Charlie Watts’s first love has always been jazz. While his Rolling Stones band mates spent their youth listening to the Blues, Watts listened to Miles Davis and John Coltrane. And something about that seems to have stuck. Mick Jagger and Keith Richards defined what a rock star should look like in the late 60s – disheveled and flamboyant.[...]
One’s never too old to be read a story. There’s no shame in stealing a couple of minutes from your busy, stress-filled day to let actress Susan Sarandon read you one, above.
Goodnight Moon was never a part of my childhood, but it came into heavy rotation when my own kids were little.
When the young Neil Gaiman was learning Lewis Carroll’s “Jabberwocky” by heart, he surely had no inkling that years later he’d be called upon to recite it for legions of adoring fans…particularly on the Internet, a phenomenon the budding author may well have imagined, if not technically implemented.[...]
50 years after the publication of Roald Dahl’s beloved children’s book, Charlie and the Chocolate Factory, The Guardian has posted online a never-before-published draft of the book’s fifth chapter.[...]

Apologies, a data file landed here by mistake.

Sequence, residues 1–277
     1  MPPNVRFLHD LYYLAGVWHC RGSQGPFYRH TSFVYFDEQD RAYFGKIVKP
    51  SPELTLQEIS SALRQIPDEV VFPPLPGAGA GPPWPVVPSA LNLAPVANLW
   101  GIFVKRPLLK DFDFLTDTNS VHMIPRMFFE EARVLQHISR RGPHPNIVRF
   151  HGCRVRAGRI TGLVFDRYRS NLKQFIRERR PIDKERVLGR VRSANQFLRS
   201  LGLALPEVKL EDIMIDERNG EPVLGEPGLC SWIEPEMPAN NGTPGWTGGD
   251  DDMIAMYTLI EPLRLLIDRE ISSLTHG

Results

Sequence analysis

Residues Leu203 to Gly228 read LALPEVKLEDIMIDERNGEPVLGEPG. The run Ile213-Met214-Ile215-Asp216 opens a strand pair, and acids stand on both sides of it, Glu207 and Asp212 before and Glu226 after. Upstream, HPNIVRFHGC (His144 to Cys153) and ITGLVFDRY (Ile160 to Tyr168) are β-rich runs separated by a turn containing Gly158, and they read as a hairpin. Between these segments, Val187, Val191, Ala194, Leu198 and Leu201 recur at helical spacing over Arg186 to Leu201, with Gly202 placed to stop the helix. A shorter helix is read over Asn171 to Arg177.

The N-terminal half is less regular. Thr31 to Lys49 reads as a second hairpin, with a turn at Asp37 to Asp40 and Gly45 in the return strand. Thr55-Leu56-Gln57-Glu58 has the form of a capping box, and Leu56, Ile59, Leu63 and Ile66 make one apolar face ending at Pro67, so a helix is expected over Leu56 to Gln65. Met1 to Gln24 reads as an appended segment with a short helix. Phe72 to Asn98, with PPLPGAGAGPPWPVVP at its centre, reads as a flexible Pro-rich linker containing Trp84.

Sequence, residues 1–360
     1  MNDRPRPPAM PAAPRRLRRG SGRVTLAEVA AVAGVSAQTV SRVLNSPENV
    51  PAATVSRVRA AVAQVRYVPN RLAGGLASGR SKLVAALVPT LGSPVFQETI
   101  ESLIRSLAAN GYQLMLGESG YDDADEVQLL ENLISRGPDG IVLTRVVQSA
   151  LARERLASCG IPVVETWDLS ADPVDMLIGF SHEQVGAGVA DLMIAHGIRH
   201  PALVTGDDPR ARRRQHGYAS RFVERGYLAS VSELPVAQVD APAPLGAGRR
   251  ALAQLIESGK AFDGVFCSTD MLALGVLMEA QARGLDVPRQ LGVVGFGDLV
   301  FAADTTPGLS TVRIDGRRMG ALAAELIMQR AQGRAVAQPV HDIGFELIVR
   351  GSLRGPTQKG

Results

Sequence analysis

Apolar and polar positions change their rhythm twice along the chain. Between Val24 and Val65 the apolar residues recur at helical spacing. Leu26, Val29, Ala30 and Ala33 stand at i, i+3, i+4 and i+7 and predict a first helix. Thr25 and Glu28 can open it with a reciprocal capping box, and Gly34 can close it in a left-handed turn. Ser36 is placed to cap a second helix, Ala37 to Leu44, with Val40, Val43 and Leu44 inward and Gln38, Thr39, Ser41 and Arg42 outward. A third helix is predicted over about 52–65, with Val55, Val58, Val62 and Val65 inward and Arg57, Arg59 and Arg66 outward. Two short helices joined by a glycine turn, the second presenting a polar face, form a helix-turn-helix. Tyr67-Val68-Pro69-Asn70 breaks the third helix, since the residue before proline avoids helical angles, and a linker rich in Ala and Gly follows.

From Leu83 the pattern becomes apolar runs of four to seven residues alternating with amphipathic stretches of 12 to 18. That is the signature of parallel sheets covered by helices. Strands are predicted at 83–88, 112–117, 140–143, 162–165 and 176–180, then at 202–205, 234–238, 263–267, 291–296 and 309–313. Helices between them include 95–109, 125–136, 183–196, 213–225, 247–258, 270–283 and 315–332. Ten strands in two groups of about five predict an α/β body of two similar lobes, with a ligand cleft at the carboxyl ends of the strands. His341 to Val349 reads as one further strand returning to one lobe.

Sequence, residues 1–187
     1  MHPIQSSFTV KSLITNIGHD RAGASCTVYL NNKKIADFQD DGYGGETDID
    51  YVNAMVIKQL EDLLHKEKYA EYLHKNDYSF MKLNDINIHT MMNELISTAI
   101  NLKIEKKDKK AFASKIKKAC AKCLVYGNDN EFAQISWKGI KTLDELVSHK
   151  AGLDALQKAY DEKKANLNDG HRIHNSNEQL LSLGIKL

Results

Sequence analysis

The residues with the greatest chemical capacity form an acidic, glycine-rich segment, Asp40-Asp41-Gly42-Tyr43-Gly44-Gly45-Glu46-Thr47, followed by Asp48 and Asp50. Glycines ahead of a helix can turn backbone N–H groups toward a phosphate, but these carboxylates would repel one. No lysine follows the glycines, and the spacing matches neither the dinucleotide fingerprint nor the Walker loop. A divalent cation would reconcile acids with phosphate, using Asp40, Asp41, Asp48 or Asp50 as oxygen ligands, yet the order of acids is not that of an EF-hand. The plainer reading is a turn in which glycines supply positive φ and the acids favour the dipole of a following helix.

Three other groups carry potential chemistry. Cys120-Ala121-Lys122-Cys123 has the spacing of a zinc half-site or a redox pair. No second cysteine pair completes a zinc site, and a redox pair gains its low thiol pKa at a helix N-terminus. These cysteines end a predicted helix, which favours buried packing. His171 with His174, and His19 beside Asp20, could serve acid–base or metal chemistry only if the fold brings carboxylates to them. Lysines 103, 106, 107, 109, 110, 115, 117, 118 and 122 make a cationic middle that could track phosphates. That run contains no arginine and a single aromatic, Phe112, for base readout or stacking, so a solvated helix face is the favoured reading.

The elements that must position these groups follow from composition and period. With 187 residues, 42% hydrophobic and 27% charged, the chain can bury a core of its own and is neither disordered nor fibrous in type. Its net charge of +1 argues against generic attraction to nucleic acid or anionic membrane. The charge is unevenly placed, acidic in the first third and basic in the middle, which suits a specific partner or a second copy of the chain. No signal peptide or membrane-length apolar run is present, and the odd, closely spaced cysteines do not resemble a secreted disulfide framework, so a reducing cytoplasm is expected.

Some things are difficult to improve upon. Take crayons. The new generation may be clamoring for shades like “mango tango” and “jazzberry jam” but the actual technology appears unchanged since Sesame Street detailed the process in the early 80s, in the lovely, non verbal documentary above.[...]
The next time some know-it-all moralist blames any number of social ills on violent video games or action films, ask them if they’d rather kids stick to the classics.[...]
Quick note: Earlier this year, J. K. Rowling began writing new stories about the 2014 Quidditch World Cup Finals for Pottermore, the website for all things Harry Potter.[...]
According to Harvard Medical School’s Admissions department, “to study medicine at Harvard is to prepare to play a leading role” in the “quest to improve the human condition.[...]
If you dream of becoming the next Disney Channel star, you’d do well to heed the advice of casting director Judy Taylor, who uses “read” and “talent” according to their industry definitions, and seems unlikely to cut anyone slack for youth or inexperience.[...]